We’re finally getting details on Skate 4 — including custom socks and Tim Robinson

The fourth game in EA’s cult skateboarding series — formerly known as Skate 4, now simply called Skate — is finally starting to come into focus, four years after it was announced… in a manner of speaking. Fittingly for a game which took an unusual route to becoming a reality, and which is quite a departure from its predecessors, EA is also tackling the marketing for the game a little bit differently.

Instead of a flashy trailer highlighting the new game’s features, EA confused and delighted everyone by dropping a live-action sketch starring I Think You Should Leave’s Tim Robinson into Friday’s Sumer Game Fest stream. In the skit, Robinson plays Richie Dandle, an executive at M-Corp, the fictional corporation that previously owned and ran the city of San Vansterdam in which Skate is set. Robinson denies that M-Corp is leaving San Vansterdam while employees flee, cry, and shred documents behind him. (M-Corp is probably the new iteration of the tyrannical Mongocorp, which ran the city of San Vanelona in Skate 2. Yes, these skating games have lore.) Anyway, the video’s pretty funny, you should watch it.

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This is all great fun, and backed up by an official story so far blog post as well as a gloriously dated M-Corp website. But what about the, you know, game?

Fortunately, the developers at Full Circle, a remote-only game studio formed by EA specifically to make Skate, followed up the Robinson sketch by lifting the lid on the current state of the game in a blog post and accompanying development update video. Skate, as previously announced, will be a free-to-play, live-service skating MMO for PC and console. It doesn’t have a release date yet.

There’s quite a lot of detail in the post and video, none of it all that surprising; Full Circle is iterating on the Skate series’ signature “flick-it” control scheme using new physics and animation technologies, and going big on player customization. One of the most exciting tidbits is a “quick drop” system that gives players the freedom to customise the city itself, adding rails to a balcony to enhance its trick potential. You can do this in multiplayer in real time, and then challenge other players to try out your creations: Throwdowns are a way to instantly challenge other skaters as they roam around the deserted city turned giant skate park.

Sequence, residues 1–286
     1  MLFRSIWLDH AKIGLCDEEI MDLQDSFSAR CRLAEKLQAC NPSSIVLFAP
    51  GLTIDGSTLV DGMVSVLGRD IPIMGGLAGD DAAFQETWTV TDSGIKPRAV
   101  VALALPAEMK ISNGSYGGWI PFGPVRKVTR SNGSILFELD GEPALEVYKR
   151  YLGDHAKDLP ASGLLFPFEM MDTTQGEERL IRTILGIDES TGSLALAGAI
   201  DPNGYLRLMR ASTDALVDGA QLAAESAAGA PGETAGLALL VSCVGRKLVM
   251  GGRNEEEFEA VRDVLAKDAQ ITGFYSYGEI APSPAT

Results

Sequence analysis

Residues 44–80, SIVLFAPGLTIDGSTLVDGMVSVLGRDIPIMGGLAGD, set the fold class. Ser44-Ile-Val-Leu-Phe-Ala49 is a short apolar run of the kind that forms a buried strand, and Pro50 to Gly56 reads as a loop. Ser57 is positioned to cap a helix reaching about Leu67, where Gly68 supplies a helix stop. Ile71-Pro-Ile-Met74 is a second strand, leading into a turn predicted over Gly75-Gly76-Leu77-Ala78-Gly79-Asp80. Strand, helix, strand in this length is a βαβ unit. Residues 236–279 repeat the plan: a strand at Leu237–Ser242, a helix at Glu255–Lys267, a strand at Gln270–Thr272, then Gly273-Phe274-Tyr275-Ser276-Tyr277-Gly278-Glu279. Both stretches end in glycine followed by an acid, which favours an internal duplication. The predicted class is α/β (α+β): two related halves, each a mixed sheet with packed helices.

Elsewhere, much is made of the fact that players will now be able to customize the color of their socks (I’m guessing this is a top request among fans), and Full Circle promises that the game will constantly evolve over time, with new areas opening up, and new music being added to the soundtrack, too. The studio is actively appealing for new playtesters to help with development, and says it will be expanding from PC to console playtests later this year.

The Skate series seemed to have been consigned to history after Skate 3 came out in 2010. But, starting around 2014, that game found a surprise second life on YouTube, as creators exploited its wild ragdoll physics for comedy. In 2016, it was made playable on Xbox again. A fan campaign for a sequel built up steam and was finally rewarded by the announcement of Skate in 2020.

Skate may not be quite the game fans were expecting, and it remains to be seen whether EA’s decision to build it back as a free-to-play live-service game is a mercenary business move, or a smart way to serve this passionate audience. But Skate doesn’t look like much else out there, and that’s something.

This post was originally published on Polygon

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